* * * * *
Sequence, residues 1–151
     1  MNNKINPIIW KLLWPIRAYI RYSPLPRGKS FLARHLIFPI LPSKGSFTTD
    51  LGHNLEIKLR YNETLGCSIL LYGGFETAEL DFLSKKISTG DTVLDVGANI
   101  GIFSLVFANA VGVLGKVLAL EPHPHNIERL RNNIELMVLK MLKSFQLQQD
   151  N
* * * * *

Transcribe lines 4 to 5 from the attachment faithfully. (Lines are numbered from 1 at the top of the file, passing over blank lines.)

   101  GIFSLVFANA VGVLGKVLAL EPHPHNIERL RNNIELMVLK MLKSFQLQQD
   151  N